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Oak Lane Cemetery
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Spent the weekend making some columns for each side of our cemetery gate. I made them from foam blocks with a pipe inside. I found some AWESOME lights on Amazon for the tops. They are solar powered, urn shaped, and have flame effect leds inside. Couldn't ask for a better match to use on cemetery columns. Here is a link to the lights on Amazon - OUTDOOR FLAMES SOLAR LIGHTS

 
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storage question

do you think each column could be divided into sections of stone to make storage easier? I was thinking maybe not glue the top and bottom half together so it wouldn't be so tall making int harder to find storage space. but on the other had maybe storage for two columns is easier than finding four places and then having to reassemble each year.
 

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I wanted to say thank you for your great tutorial! With it I made a couple of my own. I have enough blocks to do a couple more, not sure if I will get to them or not, might have to save those until next year. I have other props I want to get to.

I haven't aged them yet. What did you do? Did you simply lightly brush some black and green all over and then spritz it? I used whatever outdoor paint colors Lowe's had in the clearance area.

View attachment 565929

IMG_2146.JPG

Also, did you seal yours with anything?

*Not sure why pictures show sideways/upside down, when clicked on, they are normal.
 

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Oak Lane Cemetery
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2,013 Posts
Discussion Starter #13
I wanted to say thank you for your great tutorial! With it I made a couple of my own. I have enough blocks to do a couple more, not sure if I will get to them or not, might have to save those until next year. I have other props I want to get to.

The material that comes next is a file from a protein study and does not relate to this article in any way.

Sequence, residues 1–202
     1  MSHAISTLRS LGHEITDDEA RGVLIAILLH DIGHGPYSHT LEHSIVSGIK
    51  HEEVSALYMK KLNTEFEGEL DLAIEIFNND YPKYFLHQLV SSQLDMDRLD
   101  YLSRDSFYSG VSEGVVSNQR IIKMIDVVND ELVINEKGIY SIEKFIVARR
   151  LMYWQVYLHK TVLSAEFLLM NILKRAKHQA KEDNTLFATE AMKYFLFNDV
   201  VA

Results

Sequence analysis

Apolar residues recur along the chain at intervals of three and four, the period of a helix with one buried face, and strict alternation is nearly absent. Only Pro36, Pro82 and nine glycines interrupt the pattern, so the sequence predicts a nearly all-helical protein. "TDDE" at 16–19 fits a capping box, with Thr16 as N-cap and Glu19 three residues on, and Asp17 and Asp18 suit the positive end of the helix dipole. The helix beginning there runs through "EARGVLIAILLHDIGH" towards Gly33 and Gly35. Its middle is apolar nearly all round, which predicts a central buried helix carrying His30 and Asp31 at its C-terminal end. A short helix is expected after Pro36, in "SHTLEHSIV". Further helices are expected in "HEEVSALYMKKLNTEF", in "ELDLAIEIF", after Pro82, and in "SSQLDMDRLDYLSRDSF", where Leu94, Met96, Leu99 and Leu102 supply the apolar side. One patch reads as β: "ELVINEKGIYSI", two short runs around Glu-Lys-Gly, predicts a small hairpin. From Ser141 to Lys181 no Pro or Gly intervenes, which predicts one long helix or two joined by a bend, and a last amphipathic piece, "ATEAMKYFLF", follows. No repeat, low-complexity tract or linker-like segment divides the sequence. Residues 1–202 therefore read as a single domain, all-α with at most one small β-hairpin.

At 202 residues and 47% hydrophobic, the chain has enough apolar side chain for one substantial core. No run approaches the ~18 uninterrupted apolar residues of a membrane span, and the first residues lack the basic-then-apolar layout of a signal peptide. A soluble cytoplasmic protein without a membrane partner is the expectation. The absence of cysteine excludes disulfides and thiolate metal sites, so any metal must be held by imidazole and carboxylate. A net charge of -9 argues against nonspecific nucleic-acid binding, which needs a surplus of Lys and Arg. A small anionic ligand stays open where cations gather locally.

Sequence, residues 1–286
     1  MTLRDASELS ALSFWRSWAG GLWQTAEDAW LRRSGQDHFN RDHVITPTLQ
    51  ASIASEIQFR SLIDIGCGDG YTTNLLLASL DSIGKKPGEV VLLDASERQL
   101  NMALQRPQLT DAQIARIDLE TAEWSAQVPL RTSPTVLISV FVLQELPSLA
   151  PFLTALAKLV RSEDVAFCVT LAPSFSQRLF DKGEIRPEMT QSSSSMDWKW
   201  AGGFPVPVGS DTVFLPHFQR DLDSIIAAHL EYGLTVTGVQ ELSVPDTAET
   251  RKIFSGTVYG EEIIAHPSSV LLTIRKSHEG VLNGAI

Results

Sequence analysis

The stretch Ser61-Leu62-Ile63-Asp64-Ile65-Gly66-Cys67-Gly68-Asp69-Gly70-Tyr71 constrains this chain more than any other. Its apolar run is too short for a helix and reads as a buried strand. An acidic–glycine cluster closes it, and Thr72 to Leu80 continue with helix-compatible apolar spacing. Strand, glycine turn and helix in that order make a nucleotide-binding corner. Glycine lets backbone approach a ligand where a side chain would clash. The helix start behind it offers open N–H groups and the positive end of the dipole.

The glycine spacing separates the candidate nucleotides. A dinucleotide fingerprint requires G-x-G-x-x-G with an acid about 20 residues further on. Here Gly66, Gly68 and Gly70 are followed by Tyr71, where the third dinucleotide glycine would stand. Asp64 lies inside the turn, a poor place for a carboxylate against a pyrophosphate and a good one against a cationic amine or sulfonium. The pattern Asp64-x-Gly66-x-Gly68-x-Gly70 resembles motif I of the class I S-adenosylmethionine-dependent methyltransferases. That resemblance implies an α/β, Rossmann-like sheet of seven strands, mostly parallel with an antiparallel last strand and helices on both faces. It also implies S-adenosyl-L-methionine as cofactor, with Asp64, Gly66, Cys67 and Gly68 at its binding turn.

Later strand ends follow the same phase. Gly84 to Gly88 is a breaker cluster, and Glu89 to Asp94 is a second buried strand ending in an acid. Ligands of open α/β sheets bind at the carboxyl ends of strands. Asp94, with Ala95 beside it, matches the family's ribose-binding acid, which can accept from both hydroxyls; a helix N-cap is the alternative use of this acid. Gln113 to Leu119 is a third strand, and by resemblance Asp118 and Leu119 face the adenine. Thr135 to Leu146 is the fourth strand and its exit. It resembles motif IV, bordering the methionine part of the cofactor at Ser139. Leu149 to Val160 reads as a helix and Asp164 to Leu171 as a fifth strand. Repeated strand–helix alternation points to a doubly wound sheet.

I haven't aged them yet. What did you do? Did you simply lightly brush some black and green all over and then spritz it? I used whatever outdoor paint colors Lowe's had in the clearance area.

View attachment 565929

View attachment 565931

Also, did you seal yours with anything?

*Not sure why pictures show sideways/upside down, when clicked on, they are normal.

I misted the surface with plain water, then dabbed on some very thinned out black paint and let it run down. Then I misted it again to get the drips to spread and feather. I repeated the process, adding a little green into my black as I went until I was satisfied with the result. Be sure to mist the dripping wash before it dries to avoid getting any herd edge drips that just look like paint runs. You'll see what I mean by feathering when you spray it with that second mist of water. Do a little, then let it dry and see how it looks before adding another layer of weathering. Concentrate on places where aging or staining might actually happen in reality, like along overhangs and off the top edges of the blocks. The wash will naturally follow the path it wants to go as it drips down, you just need to start it in places it would naturally happen. I sealed mine with a matte clear spray, but be SURE all of your foam is covered by a good layer of paint or the clear spray paint will melt the foam. One of the reasons I like latex enamel for my base coats is that it dries thick and protects the foam underneath.
 
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